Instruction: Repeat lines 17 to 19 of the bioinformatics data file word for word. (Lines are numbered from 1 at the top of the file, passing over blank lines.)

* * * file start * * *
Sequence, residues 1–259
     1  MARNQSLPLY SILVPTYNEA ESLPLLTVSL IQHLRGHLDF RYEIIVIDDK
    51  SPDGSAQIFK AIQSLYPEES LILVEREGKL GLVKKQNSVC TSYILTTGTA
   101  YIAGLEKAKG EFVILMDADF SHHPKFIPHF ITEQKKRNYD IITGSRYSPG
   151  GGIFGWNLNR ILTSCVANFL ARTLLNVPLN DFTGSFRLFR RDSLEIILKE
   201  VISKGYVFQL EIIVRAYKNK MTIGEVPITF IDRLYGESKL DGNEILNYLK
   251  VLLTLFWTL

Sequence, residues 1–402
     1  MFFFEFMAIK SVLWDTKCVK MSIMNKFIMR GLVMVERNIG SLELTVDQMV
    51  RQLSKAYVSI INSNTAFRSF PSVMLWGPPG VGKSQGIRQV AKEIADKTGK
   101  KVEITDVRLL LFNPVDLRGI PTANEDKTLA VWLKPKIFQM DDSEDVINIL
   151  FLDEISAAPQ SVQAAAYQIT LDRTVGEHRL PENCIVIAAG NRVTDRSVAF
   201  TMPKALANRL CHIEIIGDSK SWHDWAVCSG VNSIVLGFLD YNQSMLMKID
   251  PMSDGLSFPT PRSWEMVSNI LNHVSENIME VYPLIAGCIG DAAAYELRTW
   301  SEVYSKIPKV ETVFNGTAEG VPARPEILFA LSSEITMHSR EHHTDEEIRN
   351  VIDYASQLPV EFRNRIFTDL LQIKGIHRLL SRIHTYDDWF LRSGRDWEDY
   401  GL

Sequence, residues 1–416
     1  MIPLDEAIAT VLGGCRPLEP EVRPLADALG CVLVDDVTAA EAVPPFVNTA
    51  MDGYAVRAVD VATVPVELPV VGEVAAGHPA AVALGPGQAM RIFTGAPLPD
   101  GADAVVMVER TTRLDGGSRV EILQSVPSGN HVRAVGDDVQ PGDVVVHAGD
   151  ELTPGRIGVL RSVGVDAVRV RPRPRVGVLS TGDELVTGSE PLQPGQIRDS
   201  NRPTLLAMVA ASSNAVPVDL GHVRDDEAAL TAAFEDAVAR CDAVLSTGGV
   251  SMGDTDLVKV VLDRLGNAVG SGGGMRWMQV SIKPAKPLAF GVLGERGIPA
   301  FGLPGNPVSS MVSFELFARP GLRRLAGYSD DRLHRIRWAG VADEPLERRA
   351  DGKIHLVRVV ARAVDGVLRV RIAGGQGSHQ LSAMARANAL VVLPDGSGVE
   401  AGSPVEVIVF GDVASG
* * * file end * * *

   401  GL

Sequence, residues 1–416
     1  MIPLDEAIAT VLGGCRPLEP EVRPLADALG CVLVDDVTAA EAVPPFVNTA